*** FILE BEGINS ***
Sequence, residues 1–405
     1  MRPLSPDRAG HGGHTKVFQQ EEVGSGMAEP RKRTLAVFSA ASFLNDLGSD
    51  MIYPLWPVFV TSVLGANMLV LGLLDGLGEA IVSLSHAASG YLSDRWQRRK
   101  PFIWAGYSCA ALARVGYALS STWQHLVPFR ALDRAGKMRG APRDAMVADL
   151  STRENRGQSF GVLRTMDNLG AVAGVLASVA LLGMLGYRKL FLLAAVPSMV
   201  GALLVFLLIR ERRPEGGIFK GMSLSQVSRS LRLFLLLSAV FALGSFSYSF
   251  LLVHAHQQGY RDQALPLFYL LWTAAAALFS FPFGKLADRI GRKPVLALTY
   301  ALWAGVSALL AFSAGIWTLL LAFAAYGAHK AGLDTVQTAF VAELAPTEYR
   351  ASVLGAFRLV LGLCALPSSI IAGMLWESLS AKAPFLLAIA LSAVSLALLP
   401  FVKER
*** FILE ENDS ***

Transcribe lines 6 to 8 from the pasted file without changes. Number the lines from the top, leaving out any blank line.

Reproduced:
   201  GALLVFLLIR ERRPEGGIFK GMSLSQVSRS LRLFLLLSAV FALGSFSYSF
   251  LLVHAHQQGY RDQALPLFYL LWTAAAALFS FPFGKLADRI GRKPVLALTY
   301  ALWAGVSALL AFSAGIWTLL LAFAAYGAHK AGLDTVQTAF VAELAPTEYR